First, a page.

Wheels of mobility

Published July 12, 2015
File photo by White Star
File photo by White Star

Were it not for the internet and Chinese products, Murtaza Abid of Fatmi Surgical could have carried on doing business the way his father and grandfather used to.

“The dynamics have changed, we are taking the internet seriously,” says Abid, whose family has been running the business for over five decades now. “We are importers and also wholesalers of surgical and mobility equipment for many shops in the city. The prices we can offer you are the cheapest in the country, because we deal directly with sellers.”

The medical supplies market near Lucky Star in Karachi is considered the hub for surgical and mobility equipment. Most shop owners are importers of various equipments that are not found in any other part of the city.

Several shop owners in the market claim that internet is their new frontier, as a lot of potential buyers are looking for cheap deals online. Although no shop has fully embraced the avenue of online sales, there is some movement in shops where the younger generation is taking over the reins of business from their elders.

Times are changing in Karachi’s oldest medical equipment market: with the advent of online marketplaces, there is great demand for cheaper aids

“We do some business online; we take some orders from clients for example, and we deal with our suppliers online. Some footprints are also left in business diaries and other Facebook pages,” says Abid.

People with movement disability can choose from a range of accessories available in the market. From an automatic wheel chair to a homemade hand-pushed cart, it all depends on the kind of disability one has and — not to mention — the depth of their pockets.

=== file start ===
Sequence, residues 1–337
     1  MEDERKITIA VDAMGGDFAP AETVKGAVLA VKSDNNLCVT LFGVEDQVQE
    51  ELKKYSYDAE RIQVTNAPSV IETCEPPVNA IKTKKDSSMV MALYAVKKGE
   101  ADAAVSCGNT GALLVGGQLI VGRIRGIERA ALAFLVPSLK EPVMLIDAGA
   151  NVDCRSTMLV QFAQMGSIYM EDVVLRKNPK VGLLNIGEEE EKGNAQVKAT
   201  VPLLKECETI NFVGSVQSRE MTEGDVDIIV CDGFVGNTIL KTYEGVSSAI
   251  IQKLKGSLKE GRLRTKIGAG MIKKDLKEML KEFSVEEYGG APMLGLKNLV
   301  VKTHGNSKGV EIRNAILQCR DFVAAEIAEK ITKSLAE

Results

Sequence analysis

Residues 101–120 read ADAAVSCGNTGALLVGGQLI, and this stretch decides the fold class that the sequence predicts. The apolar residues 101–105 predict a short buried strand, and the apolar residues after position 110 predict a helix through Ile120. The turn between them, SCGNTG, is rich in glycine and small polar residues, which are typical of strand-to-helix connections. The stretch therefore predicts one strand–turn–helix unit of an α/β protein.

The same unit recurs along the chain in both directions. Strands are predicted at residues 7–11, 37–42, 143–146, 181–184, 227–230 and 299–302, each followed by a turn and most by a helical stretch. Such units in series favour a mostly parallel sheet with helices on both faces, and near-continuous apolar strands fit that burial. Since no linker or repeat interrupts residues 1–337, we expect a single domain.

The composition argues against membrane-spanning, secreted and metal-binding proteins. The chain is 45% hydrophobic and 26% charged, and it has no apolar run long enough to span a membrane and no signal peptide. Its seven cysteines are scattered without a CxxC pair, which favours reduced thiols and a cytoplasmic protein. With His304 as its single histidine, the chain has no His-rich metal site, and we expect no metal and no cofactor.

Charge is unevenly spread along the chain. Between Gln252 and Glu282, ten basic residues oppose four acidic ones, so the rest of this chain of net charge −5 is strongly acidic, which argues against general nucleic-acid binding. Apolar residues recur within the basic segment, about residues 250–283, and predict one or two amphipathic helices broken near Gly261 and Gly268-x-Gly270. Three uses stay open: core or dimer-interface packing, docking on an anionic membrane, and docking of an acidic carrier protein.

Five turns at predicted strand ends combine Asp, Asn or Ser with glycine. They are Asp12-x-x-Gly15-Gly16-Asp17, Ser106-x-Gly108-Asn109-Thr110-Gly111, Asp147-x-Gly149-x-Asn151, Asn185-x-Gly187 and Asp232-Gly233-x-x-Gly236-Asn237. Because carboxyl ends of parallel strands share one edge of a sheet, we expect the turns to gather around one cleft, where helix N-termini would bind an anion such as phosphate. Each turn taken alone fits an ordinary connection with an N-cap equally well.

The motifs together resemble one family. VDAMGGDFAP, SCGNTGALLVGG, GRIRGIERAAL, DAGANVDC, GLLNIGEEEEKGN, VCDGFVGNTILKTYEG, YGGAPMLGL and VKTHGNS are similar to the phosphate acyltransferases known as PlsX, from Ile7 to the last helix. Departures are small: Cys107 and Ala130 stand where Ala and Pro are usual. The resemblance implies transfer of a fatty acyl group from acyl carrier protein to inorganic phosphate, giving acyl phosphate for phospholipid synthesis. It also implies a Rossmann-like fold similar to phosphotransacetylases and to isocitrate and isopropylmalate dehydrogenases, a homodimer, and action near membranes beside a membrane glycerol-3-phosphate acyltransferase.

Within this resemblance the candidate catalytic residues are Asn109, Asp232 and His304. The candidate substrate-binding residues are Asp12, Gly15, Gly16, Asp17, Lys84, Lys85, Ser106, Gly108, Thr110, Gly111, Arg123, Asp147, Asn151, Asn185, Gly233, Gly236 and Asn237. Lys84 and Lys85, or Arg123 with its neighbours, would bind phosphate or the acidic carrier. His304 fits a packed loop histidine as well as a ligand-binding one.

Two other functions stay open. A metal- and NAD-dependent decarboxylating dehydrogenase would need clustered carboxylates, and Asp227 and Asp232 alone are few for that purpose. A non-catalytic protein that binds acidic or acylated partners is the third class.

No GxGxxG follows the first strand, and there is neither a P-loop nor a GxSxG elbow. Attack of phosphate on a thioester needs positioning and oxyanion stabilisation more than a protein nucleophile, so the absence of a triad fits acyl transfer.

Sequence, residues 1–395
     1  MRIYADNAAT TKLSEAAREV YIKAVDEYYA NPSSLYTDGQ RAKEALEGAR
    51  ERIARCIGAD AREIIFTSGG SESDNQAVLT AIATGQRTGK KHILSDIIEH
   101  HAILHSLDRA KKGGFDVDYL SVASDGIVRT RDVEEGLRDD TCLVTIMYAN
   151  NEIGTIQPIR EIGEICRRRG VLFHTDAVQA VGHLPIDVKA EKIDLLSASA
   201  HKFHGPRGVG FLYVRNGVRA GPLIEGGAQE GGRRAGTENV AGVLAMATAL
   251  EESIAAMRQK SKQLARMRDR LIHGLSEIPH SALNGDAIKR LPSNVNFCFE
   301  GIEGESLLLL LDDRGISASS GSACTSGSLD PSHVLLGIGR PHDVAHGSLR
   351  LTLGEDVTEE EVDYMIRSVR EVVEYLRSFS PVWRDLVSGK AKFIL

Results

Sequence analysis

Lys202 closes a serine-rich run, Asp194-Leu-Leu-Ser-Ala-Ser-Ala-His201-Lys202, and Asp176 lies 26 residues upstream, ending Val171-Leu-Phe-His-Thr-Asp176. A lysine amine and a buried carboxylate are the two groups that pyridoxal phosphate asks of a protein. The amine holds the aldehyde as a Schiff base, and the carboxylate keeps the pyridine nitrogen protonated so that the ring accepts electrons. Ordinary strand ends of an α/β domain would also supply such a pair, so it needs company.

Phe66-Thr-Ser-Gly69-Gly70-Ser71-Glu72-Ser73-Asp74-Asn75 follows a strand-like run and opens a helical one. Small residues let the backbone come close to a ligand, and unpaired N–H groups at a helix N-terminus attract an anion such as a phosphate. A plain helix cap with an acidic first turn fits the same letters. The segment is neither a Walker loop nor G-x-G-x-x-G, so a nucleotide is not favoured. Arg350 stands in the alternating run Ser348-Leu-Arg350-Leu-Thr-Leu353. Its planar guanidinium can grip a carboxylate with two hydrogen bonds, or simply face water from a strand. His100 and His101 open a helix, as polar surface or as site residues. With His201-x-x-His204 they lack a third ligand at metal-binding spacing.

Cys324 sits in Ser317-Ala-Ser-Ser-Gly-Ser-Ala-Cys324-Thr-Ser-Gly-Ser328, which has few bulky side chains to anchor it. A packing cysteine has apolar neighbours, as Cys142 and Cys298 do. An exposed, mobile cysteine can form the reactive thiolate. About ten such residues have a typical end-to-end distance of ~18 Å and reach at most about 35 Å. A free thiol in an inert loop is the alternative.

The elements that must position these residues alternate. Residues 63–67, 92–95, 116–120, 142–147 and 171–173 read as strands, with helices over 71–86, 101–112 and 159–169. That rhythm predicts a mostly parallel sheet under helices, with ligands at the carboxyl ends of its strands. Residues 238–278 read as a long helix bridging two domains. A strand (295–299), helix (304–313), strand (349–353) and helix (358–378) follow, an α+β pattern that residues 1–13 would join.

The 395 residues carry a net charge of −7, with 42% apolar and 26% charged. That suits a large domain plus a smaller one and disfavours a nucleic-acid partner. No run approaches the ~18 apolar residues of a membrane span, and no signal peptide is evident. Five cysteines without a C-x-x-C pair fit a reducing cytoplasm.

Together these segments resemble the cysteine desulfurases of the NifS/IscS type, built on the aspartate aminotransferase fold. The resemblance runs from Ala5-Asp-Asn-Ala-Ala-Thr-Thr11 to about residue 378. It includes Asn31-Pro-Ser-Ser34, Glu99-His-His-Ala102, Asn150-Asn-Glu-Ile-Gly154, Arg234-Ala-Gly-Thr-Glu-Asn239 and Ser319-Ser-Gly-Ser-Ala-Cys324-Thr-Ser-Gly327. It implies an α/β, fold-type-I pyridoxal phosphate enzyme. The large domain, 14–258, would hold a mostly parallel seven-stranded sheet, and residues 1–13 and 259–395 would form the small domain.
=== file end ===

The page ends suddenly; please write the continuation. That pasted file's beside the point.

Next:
A manual wheel chair can cost between Rs7,000 and Rs15,000, which is usually preferred by people with waist-down paralysis. It is also a popular choice among people suffering from old-age muscular ailments that restrict their movement. Then there are wheel chairs with special hydraulics, which starts from Rs15,000 onwards. But interestingly, almost all kinds of mobility equipment have a decent resale value. If used with care, the equipment is often bought by the shops that sell you these products.

“Nowadays, people go for better quality Chinese brands which are light in weight and durable,” says Kashif Pervez, one of the partners at Progressive Surgical, a specialised retail outlet for medical equipment near Lucky Star in Saddar.

But for somebody looking for functional wheel chairs that are more affordable, internet marketplaces such as OLX have opened up a new avenue: second-hand equipment at half the price. With various options on offer, it is often the best fit that works rather than the most expensive.

“For the first few weeks, I was restricted to my bed. Then the doctors advised me to walk with a four-legged walker,” Rameez recalls. “It was not easy to learn to walk all over again.”

One young man who had to experiment his way through is 23-year-old Mohammad Rameez. Two years ago, he had a near-fatal motorbike accident. It was drizzling that day, and when his bike slipped at about 80kmph near Nursery on Shahrea Faisal, Rameez’s left knee hit the kerb. “I heard it crush,” Rameez solemnly says about his knee.

He fainted from the excruciating pain. His doctors installed a rod in his leg and plastered the wound, in the hopes that it would heal on its own. But within a few months, Rameez realised his bone damage was most likely permanent. Today he walks with a crutch balanced under his left arm.

“For the first few weeks, I was restricted to my bed. Then the doctors advised me to walk with a four-legged walker,” he recalls. “It was not easy to learn to walk all over again.”

After four months, he switched to a crutch. “It was a lot more convenient, lighter and easy to handle.”